Looking at the DVD for Caesar and Otto’s Summer Camp Massacre, there is no doubt that the intent of the movie is to spoof such horror classics like Sleepaway Camp and the Friday the 13th films. Now, there are many low budget films that try to spoof horror films – but few succeed in actually being funny. So, looking at the DVD I was wary about popping it in, fearing it would be painful to sit through. Not even the promise of it starring Brinke Stevens and Felissa Rose got me excited and the synopsis didn’t sound entirely promising:
After punching out the police chief’s mentally challenged brother, belligerent nancy-boy, Caesar, is on the run. Together, he and his slovenly brother, Otto, take on new identities as counselors at the strangely vacant Camp Sunsmile.
The summer camp has attracted a motley crew of Hollywood outcasts, each with something to hide. But when the mysterious Carrie (Felissa Rose, star of Sleepaway Camp) shows up, the counselors begin disappearing one by one.
Soon, Caesar and Otto find themselves on the edge of a summer camp killer’s blade as they run, duck and swoosh for their lives!
So, the DVD sat on my desk for quite a few weeks before I reluctantly decided to pop it in the DVD player. What followed was a slapdash, wacky and silly film that had its moments, but overall didn’t stand out enough for me to enjoy.
It is supposed to be a comedy, but many of its jokes fall very flat. I love when movies poke fun at the clichés of horror films, but all the jokes I heard in Caesar and Otto’s Summer Camp Massacre felt reused and recycled. There are also lots of sight gags, including severed arms, chainsaw mishaps and Three Stooges-style physical humor, but none of it elicited more than a brief smile from me. No folks, I’m not dead inside but I require a little more than people getting bumped on the head for kicks, especially in a full-length movie.
The jokes weren’t all that funny, but did the film actually use some likable characters? Eh, not so much. The lead character, Caesar (played by writer/director Dave Campfield), is extremely flamboyant and his screechy voice gets on your nerves after a while…think Chris Kattan playing Corky Romano. I wish we had seen more of Otto (Paul Chomicki), the “gentle giant” of the pair, because he seemed entirely more interesting than Caesar and his bumbling personality. I did enjoy the character of the head camp counselor, played by Ken MacFarlane. His character was a bit on the fruity side too, but he put on a great performance. I also liked the character of Carrie, played by Felissa Rose, who is basically reprising of her role of Angela from Sleepaway Camp. It’s also a joy to see Rose again in a fun role that kinda makes us forget about her part in the atrocious Return to Sleepaway Camp.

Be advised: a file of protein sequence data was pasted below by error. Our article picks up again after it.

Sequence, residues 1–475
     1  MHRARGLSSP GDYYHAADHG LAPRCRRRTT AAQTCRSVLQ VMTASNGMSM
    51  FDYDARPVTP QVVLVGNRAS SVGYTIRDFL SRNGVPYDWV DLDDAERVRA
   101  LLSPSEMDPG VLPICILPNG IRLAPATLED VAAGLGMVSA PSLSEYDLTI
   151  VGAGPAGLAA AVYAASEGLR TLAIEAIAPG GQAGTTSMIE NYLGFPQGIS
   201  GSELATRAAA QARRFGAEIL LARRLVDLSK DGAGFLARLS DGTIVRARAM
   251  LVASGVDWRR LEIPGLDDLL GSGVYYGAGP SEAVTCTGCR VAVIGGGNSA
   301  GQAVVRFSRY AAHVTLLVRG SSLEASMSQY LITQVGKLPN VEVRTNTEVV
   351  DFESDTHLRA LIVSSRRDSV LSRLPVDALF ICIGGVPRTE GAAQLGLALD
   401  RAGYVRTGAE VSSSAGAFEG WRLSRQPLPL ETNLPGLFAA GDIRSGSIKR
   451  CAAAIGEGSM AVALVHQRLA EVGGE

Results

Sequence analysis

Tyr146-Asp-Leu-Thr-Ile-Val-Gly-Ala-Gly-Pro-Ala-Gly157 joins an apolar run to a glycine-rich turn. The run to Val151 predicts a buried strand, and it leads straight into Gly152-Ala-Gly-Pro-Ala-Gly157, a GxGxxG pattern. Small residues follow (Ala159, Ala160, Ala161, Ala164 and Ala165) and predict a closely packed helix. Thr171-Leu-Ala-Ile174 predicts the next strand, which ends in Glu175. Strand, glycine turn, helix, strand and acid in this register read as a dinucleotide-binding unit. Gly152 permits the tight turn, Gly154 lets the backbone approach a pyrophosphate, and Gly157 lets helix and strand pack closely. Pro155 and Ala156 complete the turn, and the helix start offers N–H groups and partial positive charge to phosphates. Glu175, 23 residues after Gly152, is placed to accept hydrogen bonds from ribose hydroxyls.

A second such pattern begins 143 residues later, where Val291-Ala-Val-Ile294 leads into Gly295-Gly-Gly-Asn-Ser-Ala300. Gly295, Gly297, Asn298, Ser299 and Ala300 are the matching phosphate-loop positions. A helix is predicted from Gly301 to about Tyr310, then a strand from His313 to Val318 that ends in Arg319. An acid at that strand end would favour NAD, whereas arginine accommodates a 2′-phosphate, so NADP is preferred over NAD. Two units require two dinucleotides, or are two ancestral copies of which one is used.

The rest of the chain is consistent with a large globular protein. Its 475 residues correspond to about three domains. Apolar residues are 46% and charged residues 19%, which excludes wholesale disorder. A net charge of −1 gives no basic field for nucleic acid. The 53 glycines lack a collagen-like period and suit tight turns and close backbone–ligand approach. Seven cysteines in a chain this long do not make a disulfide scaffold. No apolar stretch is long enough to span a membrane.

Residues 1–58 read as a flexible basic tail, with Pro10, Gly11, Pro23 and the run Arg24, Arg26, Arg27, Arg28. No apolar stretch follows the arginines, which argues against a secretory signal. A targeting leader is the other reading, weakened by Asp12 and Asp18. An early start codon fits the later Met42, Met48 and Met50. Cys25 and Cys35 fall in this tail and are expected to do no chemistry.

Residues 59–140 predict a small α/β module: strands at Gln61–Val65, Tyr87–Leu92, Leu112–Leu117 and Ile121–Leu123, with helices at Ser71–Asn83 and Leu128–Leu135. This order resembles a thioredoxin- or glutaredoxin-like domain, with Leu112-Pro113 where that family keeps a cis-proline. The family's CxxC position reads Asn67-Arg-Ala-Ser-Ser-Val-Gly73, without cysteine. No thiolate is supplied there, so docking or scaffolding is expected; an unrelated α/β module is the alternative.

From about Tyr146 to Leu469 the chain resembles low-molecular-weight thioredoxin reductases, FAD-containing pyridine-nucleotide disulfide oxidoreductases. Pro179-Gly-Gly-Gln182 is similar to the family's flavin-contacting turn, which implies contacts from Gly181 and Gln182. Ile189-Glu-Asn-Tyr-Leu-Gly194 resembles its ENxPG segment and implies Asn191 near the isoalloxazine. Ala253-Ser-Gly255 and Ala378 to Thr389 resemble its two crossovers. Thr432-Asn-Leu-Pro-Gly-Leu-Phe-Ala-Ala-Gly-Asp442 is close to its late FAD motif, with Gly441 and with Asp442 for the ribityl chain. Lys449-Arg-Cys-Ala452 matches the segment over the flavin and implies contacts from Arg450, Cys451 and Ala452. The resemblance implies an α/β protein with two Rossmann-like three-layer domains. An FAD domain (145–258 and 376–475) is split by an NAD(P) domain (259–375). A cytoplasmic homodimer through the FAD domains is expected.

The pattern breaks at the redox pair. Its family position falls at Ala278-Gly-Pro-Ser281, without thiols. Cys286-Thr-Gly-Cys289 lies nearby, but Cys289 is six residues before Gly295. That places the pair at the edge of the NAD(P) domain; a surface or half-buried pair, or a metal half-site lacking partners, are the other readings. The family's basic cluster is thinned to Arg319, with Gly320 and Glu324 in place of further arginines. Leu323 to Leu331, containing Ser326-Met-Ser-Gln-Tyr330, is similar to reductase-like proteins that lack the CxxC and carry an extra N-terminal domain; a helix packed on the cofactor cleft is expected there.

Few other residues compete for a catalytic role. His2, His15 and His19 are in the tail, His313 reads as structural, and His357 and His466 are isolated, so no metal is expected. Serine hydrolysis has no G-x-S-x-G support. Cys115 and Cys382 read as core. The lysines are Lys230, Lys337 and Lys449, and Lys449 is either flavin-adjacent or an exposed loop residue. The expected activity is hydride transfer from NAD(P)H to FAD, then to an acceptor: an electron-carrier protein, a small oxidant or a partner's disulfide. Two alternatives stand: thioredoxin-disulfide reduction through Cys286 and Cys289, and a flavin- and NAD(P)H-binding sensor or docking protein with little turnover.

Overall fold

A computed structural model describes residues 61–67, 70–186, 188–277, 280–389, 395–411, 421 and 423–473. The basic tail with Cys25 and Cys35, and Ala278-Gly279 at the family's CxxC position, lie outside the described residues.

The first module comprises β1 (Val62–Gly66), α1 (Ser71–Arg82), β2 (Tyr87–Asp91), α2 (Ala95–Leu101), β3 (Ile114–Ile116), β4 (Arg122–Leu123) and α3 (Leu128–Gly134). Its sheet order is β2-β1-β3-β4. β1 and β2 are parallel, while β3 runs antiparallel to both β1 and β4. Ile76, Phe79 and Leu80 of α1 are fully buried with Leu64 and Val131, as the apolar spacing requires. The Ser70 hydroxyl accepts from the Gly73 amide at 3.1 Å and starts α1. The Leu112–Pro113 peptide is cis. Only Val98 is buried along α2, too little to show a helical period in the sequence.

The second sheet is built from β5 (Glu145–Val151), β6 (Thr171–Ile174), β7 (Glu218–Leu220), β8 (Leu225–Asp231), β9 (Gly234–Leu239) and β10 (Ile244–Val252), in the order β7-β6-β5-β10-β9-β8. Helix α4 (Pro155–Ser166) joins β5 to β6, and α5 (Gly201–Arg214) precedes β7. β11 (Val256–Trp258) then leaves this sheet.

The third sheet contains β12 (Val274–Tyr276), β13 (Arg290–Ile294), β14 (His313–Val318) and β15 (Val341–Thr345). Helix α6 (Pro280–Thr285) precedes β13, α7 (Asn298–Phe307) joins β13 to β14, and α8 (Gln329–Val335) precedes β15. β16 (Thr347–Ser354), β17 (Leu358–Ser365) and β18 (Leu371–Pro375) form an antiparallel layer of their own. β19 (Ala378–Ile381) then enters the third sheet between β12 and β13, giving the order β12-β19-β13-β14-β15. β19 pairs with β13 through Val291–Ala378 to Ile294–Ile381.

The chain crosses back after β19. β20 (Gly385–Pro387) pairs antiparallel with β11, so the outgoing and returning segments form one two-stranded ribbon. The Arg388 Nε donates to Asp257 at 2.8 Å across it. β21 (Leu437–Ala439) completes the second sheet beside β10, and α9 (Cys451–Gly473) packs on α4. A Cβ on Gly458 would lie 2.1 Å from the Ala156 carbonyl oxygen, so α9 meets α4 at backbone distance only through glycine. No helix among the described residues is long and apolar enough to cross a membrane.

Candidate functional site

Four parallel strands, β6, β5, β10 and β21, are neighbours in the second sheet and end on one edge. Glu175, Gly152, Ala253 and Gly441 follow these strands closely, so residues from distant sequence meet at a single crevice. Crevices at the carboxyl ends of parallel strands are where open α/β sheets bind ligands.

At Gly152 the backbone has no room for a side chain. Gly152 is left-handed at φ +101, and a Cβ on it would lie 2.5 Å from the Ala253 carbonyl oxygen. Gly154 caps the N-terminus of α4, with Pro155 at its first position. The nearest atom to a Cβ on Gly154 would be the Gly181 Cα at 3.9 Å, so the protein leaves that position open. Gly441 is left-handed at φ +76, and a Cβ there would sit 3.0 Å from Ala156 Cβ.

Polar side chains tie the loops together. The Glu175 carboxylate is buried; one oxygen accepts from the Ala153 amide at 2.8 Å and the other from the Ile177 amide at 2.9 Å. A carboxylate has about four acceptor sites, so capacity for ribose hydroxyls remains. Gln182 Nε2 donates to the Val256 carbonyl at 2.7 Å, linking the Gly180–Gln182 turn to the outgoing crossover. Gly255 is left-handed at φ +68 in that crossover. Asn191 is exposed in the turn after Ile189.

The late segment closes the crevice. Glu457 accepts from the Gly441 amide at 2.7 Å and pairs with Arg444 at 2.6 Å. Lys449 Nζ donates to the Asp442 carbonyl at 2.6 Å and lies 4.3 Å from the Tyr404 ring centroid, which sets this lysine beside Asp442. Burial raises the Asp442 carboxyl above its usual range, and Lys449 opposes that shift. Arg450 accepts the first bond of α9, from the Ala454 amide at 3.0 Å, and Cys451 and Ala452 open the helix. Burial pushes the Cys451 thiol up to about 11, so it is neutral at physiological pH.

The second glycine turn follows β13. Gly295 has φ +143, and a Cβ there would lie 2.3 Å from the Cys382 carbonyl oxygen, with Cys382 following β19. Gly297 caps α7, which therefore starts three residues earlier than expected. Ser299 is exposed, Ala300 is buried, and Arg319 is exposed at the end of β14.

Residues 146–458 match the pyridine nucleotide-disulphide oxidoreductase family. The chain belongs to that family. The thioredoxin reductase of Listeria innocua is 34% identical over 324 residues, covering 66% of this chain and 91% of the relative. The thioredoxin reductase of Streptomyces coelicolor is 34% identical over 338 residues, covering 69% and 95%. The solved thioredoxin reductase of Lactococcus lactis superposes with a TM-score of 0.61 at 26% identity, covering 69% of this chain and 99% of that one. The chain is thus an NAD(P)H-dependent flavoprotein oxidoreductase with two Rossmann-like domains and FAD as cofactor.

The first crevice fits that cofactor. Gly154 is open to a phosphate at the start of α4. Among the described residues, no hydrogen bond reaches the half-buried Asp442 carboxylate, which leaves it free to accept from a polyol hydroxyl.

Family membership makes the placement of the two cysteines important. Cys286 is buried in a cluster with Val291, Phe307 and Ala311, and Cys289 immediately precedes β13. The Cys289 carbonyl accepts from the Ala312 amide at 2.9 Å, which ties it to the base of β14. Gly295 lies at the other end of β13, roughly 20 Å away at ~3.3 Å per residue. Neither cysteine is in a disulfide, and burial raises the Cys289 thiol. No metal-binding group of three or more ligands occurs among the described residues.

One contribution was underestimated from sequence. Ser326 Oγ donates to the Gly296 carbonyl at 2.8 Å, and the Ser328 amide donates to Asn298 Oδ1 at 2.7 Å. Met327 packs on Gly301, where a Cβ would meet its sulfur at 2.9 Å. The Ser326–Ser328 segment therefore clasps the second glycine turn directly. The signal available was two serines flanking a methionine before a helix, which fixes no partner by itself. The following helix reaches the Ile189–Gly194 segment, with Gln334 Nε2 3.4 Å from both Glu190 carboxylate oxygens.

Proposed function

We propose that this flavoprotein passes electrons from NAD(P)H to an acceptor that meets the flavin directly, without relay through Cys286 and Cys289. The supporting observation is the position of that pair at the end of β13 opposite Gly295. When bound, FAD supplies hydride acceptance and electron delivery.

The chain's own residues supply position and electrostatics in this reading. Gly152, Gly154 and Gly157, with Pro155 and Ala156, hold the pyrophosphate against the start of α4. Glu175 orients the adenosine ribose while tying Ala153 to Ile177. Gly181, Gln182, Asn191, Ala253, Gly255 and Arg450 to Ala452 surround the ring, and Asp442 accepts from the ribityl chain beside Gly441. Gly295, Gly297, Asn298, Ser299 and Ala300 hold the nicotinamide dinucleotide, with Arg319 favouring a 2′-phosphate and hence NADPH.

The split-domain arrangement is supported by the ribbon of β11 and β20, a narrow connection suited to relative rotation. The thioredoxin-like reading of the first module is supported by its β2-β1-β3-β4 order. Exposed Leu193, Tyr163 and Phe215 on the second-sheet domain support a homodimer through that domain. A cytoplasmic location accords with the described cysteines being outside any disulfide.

As for the horror part of the film, it doesn’t offer much. While there is a killer stalking the camp counselors, the actual kills are done off camera and there is no over-the-top gore featured here either. Since the comedy part of the film doesn’t hold up, it would have been nice for some blood and guts to make up for that fact…unfortunately, this isn’t the case. However, I did enjoy the “mad scientist” lab at the end of the film and the killer’s ensuing explanation as to why he or she is so gung-ho about killing people.
Despite a few shining moments, Caesar and Otto’s Summer Camp Massacre just wasn’t my kind of flick. Though for an indie it was very competently filmed, it lacked good jokes…I mean, how many times have we heard the one about the chick in the horror film that gets naked and then gets killed by the masked murderer? With these tired old jokes and quickly exhausting an arsenal of slapstick, the film’s hour and a half running length feels much, much longer than it actually is.
Overall, Caesar and Otto’s Summer Camp Massacre was a disappointing effort for me. Though it is very well filmed, the slapstick humor just didn’t resonate with me and the film felt goofy but not funny. While it does elicit some brief smiles here and there, there’s just not enough fresh material to keep the film afloat for its entire running time. Perhaps it would have been better suited as a short film, but as a feature-length it feels drawn-out and never-ending.
Visit Caesar and Otto’s Official Site!